A Chat With Martine Rose
Next door is only a footstep away – particularly in jam-packed 21st-century London, where the visionary menswear designer Martine Rose eschews conventional fashion show venues in favour of neighbourhood hubbub, hosting community-inclusive presentations of her covetable streetwear in cul-de-sacs and climbing halls. It’s all in the spirit of Martine’s knack for taking the ordinary and making it extraordinary. Who better, then, than Martine, 40, to help us ponder the vital business of successful togetherness, asks Mark Smith.
Mark Smith: Who were your neighbours as a child, Martine?
Martine Rose: I was born in Bristol – my dad was working up there at the time – but I grew up in Croydon in South London. During those first few years in Bristol we lived on quite a strange suburban close, and looking back now with an adult’s perspective it was all a bit twitchy curtain, pampas grass – there were definitely parties like that, throwing your keys in the bowl...
MS: No! The full-on wife-swapping scene?
MR: I think so, yes. Everyone was extremely nice to us as a family, and my parents made good friendships there, some of which endured. But many, many years later – long after we’d moved away, one bloke found the guts to admit to my dad that when the residents first found out a black family was moving in, they’d started a petition to try to prevent it.
MS: And this must have been – what – the 1980s?
MR: Yes. Sounds more like something from the 1950s, doesn’t it? As a mixed couple – as a black man and a white woman – my parents were quite attuned to intolerance and they had to have pretty thick skin. Even so, an actual petition is…
MR: I think they felt embarrassed about it once they met us, which is why they were all so welcoming.
“The Promising Britain collection was a rallying cry to say, I know we can do better than this.”
MS: Who have been your all-time favourite neighbours?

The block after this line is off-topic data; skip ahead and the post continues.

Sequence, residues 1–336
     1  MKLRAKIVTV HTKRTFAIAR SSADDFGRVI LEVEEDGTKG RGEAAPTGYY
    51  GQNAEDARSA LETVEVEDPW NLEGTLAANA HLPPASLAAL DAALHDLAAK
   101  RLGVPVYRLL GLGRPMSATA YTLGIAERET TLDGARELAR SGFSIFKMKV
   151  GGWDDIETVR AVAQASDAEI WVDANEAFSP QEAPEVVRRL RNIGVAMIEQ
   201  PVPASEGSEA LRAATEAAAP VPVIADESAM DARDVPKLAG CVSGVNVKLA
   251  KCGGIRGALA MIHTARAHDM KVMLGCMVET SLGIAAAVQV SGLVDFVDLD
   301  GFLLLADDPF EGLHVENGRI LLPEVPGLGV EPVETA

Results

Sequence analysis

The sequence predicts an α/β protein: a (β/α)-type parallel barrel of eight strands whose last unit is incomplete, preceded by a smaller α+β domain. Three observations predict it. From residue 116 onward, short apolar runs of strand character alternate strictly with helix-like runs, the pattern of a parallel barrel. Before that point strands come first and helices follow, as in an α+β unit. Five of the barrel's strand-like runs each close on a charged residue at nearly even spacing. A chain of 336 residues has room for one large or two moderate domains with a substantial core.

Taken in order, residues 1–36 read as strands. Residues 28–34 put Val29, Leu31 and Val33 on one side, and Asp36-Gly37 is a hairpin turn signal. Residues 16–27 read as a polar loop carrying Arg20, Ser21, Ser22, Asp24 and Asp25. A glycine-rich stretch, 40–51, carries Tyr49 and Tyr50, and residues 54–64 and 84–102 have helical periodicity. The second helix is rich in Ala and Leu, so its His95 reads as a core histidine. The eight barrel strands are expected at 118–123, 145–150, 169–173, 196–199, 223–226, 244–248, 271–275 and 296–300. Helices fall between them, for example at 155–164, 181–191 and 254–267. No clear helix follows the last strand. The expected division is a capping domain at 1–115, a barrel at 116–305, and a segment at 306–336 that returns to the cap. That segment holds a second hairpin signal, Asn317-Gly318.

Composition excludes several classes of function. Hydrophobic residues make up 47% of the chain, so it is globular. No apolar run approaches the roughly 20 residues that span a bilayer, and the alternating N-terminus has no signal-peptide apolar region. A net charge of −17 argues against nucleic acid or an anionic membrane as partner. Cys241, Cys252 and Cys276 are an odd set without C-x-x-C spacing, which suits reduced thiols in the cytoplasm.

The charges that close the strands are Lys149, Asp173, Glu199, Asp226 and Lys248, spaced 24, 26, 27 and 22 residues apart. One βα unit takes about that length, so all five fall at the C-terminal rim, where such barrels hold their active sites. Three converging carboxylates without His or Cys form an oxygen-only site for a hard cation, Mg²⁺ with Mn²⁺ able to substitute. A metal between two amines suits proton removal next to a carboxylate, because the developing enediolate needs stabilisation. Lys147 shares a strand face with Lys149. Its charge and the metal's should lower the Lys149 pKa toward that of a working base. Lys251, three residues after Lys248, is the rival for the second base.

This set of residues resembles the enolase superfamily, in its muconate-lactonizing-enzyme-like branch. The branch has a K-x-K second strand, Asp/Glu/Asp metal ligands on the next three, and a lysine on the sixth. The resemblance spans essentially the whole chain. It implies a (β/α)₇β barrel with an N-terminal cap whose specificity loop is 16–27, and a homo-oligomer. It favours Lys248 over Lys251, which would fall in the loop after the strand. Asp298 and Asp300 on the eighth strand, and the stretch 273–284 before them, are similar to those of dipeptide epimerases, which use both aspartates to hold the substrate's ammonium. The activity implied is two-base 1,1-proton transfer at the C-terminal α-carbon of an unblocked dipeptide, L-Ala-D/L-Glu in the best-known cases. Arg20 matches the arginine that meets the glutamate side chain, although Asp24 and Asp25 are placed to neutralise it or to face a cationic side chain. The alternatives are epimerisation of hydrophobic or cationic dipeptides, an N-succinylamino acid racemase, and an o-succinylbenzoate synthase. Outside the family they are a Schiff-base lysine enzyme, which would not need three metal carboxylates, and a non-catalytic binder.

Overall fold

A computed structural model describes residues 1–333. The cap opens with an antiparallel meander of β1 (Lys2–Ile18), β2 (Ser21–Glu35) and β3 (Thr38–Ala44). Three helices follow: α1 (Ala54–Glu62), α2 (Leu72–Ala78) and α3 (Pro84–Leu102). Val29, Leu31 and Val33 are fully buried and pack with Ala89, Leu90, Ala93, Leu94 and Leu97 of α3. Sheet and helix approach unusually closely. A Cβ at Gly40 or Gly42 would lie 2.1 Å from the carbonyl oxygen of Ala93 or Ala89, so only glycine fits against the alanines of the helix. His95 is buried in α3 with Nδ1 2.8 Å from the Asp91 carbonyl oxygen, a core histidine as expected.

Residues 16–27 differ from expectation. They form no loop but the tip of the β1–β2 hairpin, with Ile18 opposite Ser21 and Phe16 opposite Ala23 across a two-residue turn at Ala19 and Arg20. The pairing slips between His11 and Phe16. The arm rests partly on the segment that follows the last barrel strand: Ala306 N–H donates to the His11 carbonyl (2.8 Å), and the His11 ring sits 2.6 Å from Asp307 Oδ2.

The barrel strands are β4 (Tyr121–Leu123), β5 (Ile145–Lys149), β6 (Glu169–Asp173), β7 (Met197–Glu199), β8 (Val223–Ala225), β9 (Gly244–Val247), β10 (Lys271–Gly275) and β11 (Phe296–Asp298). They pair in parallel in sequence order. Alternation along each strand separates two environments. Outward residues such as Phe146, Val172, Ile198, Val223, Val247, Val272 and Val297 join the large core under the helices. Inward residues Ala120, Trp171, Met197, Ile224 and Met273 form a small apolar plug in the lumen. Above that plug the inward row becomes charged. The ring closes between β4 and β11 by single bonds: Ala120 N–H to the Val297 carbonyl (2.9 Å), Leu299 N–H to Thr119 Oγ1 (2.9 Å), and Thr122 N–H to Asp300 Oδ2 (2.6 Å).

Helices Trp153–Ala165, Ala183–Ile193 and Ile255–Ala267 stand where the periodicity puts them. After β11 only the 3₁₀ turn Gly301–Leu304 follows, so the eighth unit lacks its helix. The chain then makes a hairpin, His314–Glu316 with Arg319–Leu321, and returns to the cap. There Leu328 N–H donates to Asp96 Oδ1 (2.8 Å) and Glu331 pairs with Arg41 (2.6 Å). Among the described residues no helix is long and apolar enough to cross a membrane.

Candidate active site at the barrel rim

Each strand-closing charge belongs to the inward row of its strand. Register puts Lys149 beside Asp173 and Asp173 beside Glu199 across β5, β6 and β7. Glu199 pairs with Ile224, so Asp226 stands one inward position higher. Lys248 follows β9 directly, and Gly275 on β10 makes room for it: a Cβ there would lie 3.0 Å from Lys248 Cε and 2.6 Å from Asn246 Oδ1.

MR: About five years ago, I lived on Gore Road, a lovely street running alongside Victoria Park in east London. To look at those houses and the location you’d assume they belong to the super-rich, but actually they’re housing association, and most of the residents have lived there their whole lives. I lived at number 85, and when my daughter was born I had little old ladies from as far away as number nine knocking on my door, pressing pound coins into my hands and telling me to open a little account for her, which I did.
MS: They knew you well, presumably?
MR: No, they’d just seen us around and wanted us to know we were part of the fold. It was old London, a bit like the cul-de-sac in Kentish Town where we did the Martine Rose Spring/Summer 2019 show a few years ago. My stylist Tam recommended that street because her sister lives there and it’s such a close community. I think cul-de-sacs have a particular kind of solidarity – you look towards each other a bit more, don’t you.
MS: Was it tough, convincing them to let you host a fashion show on their doorsteps?
MR: It was at first, because they thought it was going to be like Notting Hill Carnival; that it was going to be burger vans and people pissing in their front gardens.
MS: How did you win them over?
MR: We went round to every house and gave everyone a pair of Nikes. Suddenly they were so on board, they were like, Oh, you should have said. Lovely, we love it!
MS: You seem to understand your customer, Martine.
MR: Yes, but in the end, the show was just such a joyful experience. It’s like when I did the show at my daughter’s school. When you’re working in fashion, it’s so easy to become spoiled or jaded. If you involve a completely new kind of audience, you’re suddenly reminded of how special it all is, that it’s not normal, that you’re hosting a 10-minute celebration.
MS: What about where you live now, what’s your approach to maintaining good neighbourly relations?
MR: People live tooth-to-jowl in London, so we’re bound to annoy each other. If my neighbour’s cranked up her music late into the night, I’ll tend to think, that’ll come in handy in a few weeks when I need a favour. I do think it’s helpful to think in terms of give and take. And to pick your battles very carefully.
MS: What about neighbours in other contexts? Do you strike up conversations with people on buses, on planes, at shows?
MR: Oh yes. I am an informal person right across the board. Actually, I’ve been known to be way too informal. With Karl Lagerfeld, I went straight in for a cuddle. He wasn’t impressed.
MS: Oh dear.
MR: I actually think I might have hastened the end, slightly.
MS: Promising Britain, your clown-themed Spring/Summer collection, was a sardonic take on Brexit. How are you feeling now about the UK’s relationship with its European neighbours?
MR: I hope it doesn’t sound hopelessly naïve to say that I believe in people, and that the Promising Britain collection was intended as a rallying cry. It was meant to say, I know we’re better than this, I know we can do better than this. Fundamentally, I think being a good neighbour is mostly about not being a dick, isn’t it?
Interview by Mark Smith
Photography by Esther Theaker